What’s your favourite thing to write about? Anything I can be sarcastic about, which is pretty much anything.

In your eyes, what is the BEST part of blogging… or if you prefer, the worst? Best part is the connections you make with amazing people, and getting to peak into the happening of their life. The feedback is also lovely. Sometimes it’s just nice to know other people are going through the same things you are.

The worst part is the 404s that literally crop up everyday. I am a perfectionist to a fault, and I edit and re-edit my posts, even after I’ve posted them. It’s never ending. Sometimes I find a typo on an old post, or just some bad grammar and I literally turn bright red.

Do you write for yourself, your readers, for Google, for a living? Tricky question. I’ve always had a passion for writing. I was in a journalism program in university, before I switched to linguistics. I started my blog as an anti-blog of “diary-style” bloggers who write about every mundane, inappropriate, and sexually explicit thing in their daily lives. So from the very beginning, I wrote for the sheer joy of expressing myself.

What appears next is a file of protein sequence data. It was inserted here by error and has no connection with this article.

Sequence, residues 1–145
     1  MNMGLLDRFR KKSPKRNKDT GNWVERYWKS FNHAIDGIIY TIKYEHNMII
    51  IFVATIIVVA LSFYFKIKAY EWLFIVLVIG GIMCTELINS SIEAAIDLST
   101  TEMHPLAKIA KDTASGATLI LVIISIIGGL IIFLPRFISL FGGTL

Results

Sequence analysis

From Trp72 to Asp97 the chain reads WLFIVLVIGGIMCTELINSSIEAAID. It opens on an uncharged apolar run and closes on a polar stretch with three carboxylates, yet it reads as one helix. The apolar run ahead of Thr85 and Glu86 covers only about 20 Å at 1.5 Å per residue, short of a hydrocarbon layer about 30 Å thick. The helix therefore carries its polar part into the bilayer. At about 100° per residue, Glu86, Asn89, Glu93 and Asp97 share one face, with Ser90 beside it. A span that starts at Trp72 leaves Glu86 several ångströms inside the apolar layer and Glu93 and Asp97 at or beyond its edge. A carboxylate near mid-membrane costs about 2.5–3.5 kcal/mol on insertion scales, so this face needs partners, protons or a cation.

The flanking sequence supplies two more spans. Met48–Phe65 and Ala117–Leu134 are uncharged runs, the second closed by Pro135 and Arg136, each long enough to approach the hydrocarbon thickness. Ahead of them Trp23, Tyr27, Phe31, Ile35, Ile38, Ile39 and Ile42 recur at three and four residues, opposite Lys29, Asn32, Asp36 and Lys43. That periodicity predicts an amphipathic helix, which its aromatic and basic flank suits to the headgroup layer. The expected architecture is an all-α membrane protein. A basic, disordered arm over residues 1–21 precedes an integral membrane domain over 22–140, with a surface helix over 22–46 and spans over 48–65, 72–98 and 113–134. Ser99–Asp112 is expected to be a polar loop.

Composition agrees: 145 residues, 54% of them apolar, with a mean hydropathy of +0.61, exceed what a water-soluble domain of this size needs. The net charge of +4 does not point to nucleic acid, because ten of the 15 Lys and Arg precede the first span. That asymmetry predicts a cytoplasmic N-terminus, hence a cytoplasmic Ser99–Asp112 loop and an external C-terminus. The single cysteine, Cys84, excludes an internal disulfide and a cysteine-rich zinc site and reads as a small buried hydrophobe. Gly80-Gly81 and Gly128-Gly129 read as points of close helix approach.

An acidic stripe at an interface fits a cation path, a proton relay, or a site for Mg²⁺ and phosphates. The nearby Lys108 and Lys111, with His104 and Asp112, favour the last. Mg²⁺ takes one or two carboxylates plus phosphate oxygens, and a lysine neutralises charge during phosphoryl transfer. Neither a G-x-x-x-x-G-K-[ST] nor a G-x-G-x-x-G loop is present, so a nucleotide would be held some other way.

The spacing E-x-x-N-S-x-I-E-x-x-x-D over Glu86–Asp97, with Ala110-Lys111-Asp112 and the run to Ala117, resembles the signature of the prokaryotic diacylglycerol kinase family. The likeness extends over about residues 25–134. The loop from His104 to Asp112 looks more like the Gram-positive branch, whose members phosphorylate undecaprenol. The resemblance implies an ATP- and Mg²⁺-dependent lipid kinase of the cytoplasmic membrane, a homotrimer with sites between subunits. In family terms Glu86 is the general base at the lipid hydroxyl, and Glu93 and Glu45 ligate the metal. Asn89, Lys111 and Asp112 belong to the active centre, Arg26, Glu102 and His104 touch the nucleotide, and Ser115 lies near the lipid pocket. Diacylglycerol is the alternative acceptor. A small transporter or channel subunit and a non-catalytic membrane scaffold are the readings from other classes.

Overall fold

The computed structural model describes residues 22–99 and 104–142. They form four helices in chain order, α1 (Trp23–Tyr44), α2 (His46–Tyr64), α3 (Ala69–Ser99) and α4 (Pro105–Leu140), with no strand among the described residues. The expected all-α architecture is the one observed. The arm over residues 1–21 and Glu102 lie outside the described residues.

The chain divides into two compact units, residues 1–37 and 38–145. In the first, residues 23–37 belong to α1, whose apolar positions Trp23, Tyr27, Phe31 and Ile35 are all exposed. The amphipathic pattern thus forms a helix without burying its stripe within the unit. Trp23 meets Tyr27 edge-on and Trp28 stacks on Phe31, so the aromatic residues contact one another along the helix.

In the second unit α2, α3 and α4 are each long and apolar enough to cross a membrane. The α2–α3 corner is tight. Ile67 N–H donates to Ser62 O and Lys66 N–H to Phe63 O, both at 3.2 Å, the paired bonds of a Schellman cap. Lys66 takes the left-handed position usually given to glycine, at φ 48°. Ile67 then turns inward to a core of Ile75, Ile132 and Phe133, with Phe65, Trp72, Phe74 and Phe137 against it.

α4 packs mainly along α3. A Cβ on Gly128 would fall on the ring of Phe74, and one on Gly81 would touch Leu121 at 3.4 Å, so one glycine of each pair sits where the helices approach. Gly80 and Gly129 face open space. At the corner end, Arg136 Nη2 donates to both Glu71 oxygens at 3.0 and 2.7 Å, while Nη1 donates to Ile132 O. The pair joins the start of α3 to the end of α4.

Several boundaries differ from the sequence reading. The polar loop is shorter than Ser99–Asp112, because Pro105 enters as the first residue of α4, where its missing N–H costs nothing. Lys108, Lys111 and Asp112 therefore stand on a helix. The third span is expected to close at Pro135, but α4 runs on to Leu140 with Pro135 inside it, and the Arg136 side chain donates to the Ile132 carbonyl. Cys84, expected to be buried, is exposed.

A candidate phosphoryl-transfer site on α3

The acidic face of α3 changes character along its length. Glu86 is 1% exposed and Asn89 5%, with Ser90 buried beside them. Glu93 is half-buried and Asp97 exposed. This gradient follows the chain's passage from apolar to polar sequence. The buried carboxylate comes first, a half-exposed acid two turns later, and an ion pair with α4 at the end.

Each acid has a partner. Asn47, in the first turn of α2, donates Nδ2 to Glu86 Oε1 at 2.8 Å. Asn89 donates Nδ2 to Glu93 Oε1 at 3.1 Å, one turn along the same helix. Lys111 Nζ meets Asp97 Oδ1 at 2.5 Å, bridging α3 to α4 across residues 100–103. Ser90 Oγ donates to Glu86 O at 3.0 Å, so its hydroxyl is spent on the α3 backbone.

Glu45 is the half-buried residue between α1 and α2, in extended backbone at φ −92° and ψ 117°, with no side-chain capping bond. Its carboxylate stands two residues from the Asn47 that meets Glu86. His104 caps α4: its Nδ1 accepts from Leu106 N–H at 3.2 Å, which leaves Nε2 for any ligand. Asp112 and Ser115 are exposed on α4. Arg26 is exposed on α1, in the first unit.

Lately, I’ve found myself posting a lot for my readers by keeping my blog dynamic and constantly changing. If I talk about tech stuff for a few days, I’ll flip it and do a photo post, or a silly video.

But, I would be lying if I said that I never consider the google, digg, technorati bot in what I write. I think every blogger is pushing for a bigger readership, respect, and recognition. There is a point where blogging becomes more than a hobby and starts infringing on the amount of time you can spend actually earning money. So at that point, you have to push your blog to next level and go after sponsors and ads.

Would you ever censor yourself/Do you feel the need to censor yourself? I don’t swear. Ever. Unless, like my mother, you consider “bollocks” a swear. I don’t talk about politics or religion or really controversial issues. I want people to come to Mostly Lisa be entertained, not get angry. I’m not interested in angry debates. Sunshine, lollipops, and iPods!